German Germany, Switzerland, Austria


Word USED Very frequently BY everybody

It means "No, you are wrong and I am right" in one word.

"Hier darf man nicht schneller als 50 Meilen fahren!“ "Doch!"

"You cannot drive faster than 50 miles here!" "Yes, you can!"


Austrian Austria


Sound USED On Occasion BY Native speakers

(Squirrel tail) • This is a word that is often used as a humorous "test" for non native speakers learning German/Austrian. It literally means "squirrel tail", but in a very heavy accent, which makes it quite hard to pronounce for someone who isn't a native speaker.

"Oh you're learning German/Austrian? Say Oachkatzlschwoaf!"


German | Austrian Dialect Austria

hätti wari dadi!

Idiom USED On Occasion BY Everyone

(had I, did I, would I) • Similar to "woulda, coulda, shoulda", this phrase is used to dismiss hypothetical thoughts of what could have been.

"Wann i gwusst hätt, dass so staut, wär i früher losgfahren!" "Hätti, wari, dadi!"

"If I had known there would be this much traffic, I'd left earlier!" "Had I, did I, would I!"

Confirmed by 3 people

German | Austrian Dialect Austria

üba d Heisa haun

Expression USED On Occasion BY Everyone

(to throw oneself over the houses) • To go away or to leave. it is frequently, but not exclusively, used in an imperative, rude way.

"Fertig samma. Hau di üba d Heisa!"

"We're finished here. Throw yourself over the houses!"

German | Austrian Austria

si gspian

Expression USED On Occasion BY Almost Everyone

(to feel oneself) • used to describe being in control of one's emotions; In its negation, it can be used to describe someone being crazy, out of control, or crossing boundaries -mostly regarding intoxication. The imperative "gspia di!" is equivalent to "pull yourself together".

"Der Hund gspiat si goa nimma, wia vü Hoibe hat der scho ghabt?"

"That guy is totally out of control, how many beers has he had already?"

German Austria


Word USED Frequently BY Everyone

(n.) • A noun used to describe any very small thing, or small part of a substance, e.g. a speck of dust.

"Is no was vom Speck über?" "Nur mehr a Fuzerl."

"Is there something left of the bacon?" "Only a small bit"

German Austria

schwein haben

Expression USED Frequently BY Everyone

(to have pig ) • To be lucky that something didn't happen.

"Ich hätte nicht gedacht, dass ich es vor dem Regen schaffe. Aber ich habs geschafft!" "Da hast du ja Schwein gehabt!"

"I really thought I would not make it before the rain, but I made it!" "You really had pig!"

Confirmed by 5 people



German | Austrian Austria


Interjection USED Frequently BY Most People

(interj.) • It is a way of saying hello and/or bye that's only used in informal settings (e.g. with friends or family).

"Servus! Wie geht's? Lange nicht mehr gesehen!"

"Hi! How are you? Long time no see!"

Confirmed by 4 people



German Styria, Austria


Slang USED On Occasion BY frequent in rural area

(adj.) • It is a form of direction, something like 'across'. Can also indicate a shortcut.

"Was ist der schnellste Weg?" "Erst gerade die Straße entlang und dann gschreams über das Feld."

"What is the fastest route to go there?" "First you go straight ahead down the street and then you go cross the field."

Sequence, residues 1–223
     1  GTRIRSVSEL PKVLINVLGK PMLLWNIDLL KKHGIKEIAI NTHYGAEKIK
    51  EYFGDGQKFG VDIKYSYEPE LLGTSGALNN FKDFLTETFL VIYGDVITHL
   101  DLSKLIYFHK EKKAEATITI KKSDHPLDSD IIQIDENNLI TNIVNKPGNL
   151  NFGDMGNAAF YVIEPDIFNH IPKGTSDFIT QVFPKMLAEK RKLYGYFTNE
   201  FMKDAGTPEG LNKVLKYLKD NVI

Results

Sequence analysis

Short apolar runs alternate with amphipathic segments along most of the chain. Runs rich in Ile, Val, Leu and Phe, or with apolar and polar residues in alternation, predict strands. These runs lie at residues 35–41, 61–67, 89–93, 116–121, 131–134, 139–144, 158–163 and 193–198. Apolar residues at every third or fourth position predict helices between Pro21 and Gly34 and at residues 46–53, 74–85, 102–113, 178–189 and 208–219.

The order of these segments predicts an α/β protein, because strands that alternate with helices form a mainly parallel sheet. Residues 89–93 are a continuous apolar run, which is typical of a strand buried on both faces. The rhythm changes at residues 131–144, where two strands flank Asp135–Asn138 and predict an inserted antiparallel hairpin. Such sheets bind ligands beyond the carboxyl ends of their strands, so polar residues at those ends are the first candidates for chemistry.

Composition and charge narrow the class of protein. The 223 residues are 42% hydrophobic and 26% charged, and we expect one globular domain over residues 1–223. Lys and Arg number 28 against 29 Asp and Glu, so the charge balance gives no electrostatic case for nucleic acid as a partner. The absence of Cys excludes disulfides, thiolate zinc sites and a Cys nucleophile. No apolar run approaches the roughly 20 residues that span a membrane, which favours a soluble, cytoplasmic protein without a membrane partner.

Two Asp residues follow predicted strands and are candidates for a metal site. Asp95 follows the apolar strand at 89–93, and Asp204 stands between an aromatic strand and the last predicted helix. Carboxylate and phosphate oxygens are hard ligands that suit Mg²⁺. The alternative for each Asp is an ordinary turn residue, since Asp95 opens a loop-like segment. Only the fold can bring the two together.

German | Dialect Austria

baba und foi net

Expression USED On Occasion BY Slang

(bye and don't fall) • Used to say goodbye and take care. Often used in an ironic or joking context to end a conversation when there is nothing left to say. It is also the line of a famous song by Austrian singer Wolfgang Ambros.

"Es ist schon spät, wir sollten nach Hause gehen." "Ja dann, baba und foi net."

"It's late. we should go home." "Well then, bye and don't fall."


German Austria

die Nerven schmeißen

Idiom USED On Occasion BY Everyone

(to throw one's nerves) • To feel overwhelmed or to have a mental breakdown.

"Nachdem mein Laptop zum dritten Mal abgestürzt ist, habe ich die Nerven geschmissen."

"After my laptop crashed for the third time, I threw my nerves."

Confirmed by 3 people

German Germany and Austria

Grüß Gott!

Expression USED Very frequently BY Everyone

(Greet God!) • Saying "Grüß Gott!" is a polite way of greeting people in Southern Germany and Austria. Despite its obviously religious background, this greeting is being used by everyone, regardless of their religious orientation. Furthermore, it can be used at all times of the day.

"Grüß Gott! Ich würde gerne einen Termin für nächste Woche buchen."

"Greet God! I would like to book an appointment for next week."

Confirmed by 3 people


German Carinthia, Austria


Interjection USED Frequently BY Everyone

(interj.) • Can be used at the end or in the middle of sentences as well as on its own. Its usage at the end of a sentence usually (but not always) implies that your dialogue partner expects you to either approve or reject what was just said whereas on its own, it expresses approval towards a statement.

"Der Umzug war anstrengend, ga?"

"The move was exhausting, wasn't it?"


German Austria


Word USED Very frequently BY Almost Everyone

(n.) • A way of saying hello to your friends.

"Servus! Wie geht's?"

"Hi! How's it going?"

Confirmed by 2 people


German Austria

die Kirche ums Kreuz tragen

Expression USED On Occasion BY Adults

(carrying the church around the cross) • Used when somebody does something in an unnecessarily complicated way

"Mach das nicht so, da trägst du die Kirche ums Kreuz."

"Don‘t do it that way, you are carrying the church around the cross."


German | Viennese Eastern Austria, Austria


Slang USED Frequently BY Young People

(adj.) • Something really cool and great.

"Gestern war wirklich leiwand!"

"Yesterday was awesome!"

Confirmed by 2 people